Last Saturday we gathered with about 150 folks in the cozy barn at The Croft to celebrate wolves, acknowledge their particular struggle and raise money for Oregon Wild’s incredible work protecting wild spaces and those that live there. We performed, for only the third time live, our shadow puppet “crankie” show: “Wolf, Wolf, You Are Home” - made two years ago on a very, very long piece of paper (see below for more details on HOW we made it!) The show is based on the story of OR-7, a wolf who travelled thousands of miles across state lines, traversing highways, skirting housing developments, and evading traps and poachers to find a mate. At the end of the show the audience erupted in a huge collective “OWWWWWWWWWWWW!!!!” howl. The energy in the room was electric— for one moment, in sharing that primal howl, we felt like that room full of people had the power to do ANYTHING together. Collectively we raised over $8,000 that night for Oregon Wild, but the money felt like a happy byproduct of the evening. It felt like something else moved in the room. It felt like hearts opened a little, like the tears that were shed softened cheeks hardened by the harsh winds of our collective pain. It was evidence that love for the world and our fellow creatures is in us all, just below the surface. Somehow we need to reconnect with that in order to find the strength to do what we need to do: to heal, restore, protect, preserve.
A LITTLE WOLF HISTORY: Their’s is a dishearteningly familiar story; a species driven to near extinction by humans is slowly brought back by humans, then continually beaten back again by humans, always heavily managed, and drifting on and off of ever-changing lists deciding who deserves protection when. There are innumerable hardships to overcome in order to simply exist: broken up and reduced habitat, encroaching housing developments, impassable interstates, traps, poison, poachers. Like so many other creatures coexisting with humankind in the modern era, the odds seem stacked against them. Indeed, our show and event could have been about any number of other creatures.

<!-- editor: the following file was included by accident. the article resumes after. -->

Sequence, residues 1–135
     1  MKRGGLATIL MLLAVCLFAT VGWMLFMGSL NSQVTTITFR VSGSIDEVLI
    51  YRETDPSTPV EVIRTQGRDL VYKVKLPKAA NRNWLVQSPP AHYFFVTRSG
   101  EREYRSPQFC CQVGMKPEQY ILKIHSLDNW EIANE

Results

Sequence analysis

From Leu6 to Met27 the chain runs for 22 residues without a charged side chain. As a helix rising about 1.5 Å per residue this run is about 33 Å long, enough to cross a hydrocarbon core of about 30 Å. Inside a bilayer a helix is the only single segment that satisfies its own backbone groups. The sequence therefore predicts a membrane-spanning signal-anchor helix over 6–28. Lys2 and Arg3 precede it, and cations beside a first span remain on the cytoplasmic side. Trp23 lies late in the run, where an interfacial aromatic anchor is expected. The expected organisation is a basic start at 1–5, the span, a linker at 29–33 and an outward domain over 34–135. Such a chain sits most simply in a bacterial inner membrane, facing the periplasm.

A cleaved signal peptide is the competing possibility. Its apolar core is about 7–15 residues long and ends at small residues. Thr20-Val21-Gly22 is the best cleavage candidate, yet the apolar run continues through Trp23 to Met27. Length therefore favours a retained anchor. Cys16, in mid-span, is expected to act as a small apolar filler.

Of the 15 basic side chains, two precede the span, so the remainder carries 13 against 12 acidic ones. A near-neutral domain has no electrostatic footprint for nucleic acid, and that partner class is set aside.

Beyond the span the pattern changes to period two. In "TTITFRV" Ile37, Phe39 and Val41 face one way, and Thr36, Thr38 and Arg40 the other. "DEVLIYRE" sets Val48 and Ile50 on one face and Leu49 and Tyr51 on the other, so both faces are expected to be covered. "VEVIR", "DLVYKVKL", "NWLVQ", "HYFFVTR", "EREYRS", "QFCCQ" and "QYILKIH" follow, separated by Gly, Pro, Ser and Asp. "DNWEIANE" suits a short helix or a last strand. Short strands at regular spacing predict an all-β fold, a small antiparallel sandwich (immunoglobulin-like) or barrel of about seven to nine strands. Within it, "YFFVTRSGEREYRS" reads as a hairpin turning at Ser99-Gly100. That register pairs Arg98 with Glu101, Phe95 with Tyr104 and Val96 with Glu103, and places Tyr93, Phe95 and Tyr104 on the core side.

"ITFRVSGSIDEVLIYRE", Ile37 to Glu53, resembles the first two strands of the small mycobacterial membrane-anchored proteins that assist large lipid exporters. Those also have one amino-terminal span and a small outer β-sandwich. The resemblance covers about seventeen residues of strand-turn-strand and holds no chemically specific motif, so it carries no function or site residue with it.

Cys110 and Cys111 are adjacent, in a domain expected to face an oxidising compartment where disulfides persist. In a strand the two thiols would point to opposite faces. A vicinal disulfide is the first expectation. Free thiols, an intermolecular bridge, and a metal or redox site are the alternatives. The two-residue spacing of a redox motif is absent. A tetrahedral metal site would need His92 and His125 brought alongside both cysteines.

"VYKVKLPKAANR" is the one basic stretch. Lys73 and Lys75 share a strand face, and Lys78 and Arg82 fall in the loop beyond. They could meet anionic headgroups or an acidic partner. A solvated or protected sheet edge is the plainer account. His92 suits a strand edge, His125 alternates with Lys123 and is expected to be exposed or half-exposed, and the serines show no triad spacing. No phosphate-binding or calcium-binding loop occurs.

We each entered the space with our own set of preconceived notions about wolves, for most of us a slurry of fairy tales, news stories, movie plots, folklore. There is a certain mystery that cloaks the wolf, an elusiveness, and for many, an association with danger. This; from Barry Lopez’s Of Wolves and Men:” Before a wolf was brought into their classroom, a group of grade-school children were asked to draw pictures of wolves. The wolves in the pictures all had enormous fangs. The wolf was brought in, and the person with him began speaking about wolves. The children were awed by the animal. When the wolf left, the teacher asked the children to do another drawing. The had no large fangs. The all had enormous feet.”
Historically, wolves have been vital keystone species, living in the West in abundance. Fur trapping, habitat loss, and eradication campaigns by the cattle ranching industry led to the complete extermination of wolves in the West, with the last wolf being shot for bounty in 1946. In 1995 wolves from British Columbia were introduced into Yellowstone Park, and that population gradually expanded West, but the numbers continued to stay very, very low (in 2015 the population of wolves in Oregon was only around 110, now there are 137 known wolves in Oregon). Wolves still only inhabit 10% of their historic territory in the US, despite the fact that very few cattle are killed by wolves (less than two dozen over the last decade — all of whose owners were reimbursed for their loss by the government), recently there has been a renewed effort by the Oregon Department of Fish and Wildlife to kill wolves to appease ranchers. In August 2017, four adult members of the Harl Butte wolf pack in Wallowa County were killed by ODFW, leaving just four remaining adult wolves in the pack. The story is similar in Washington.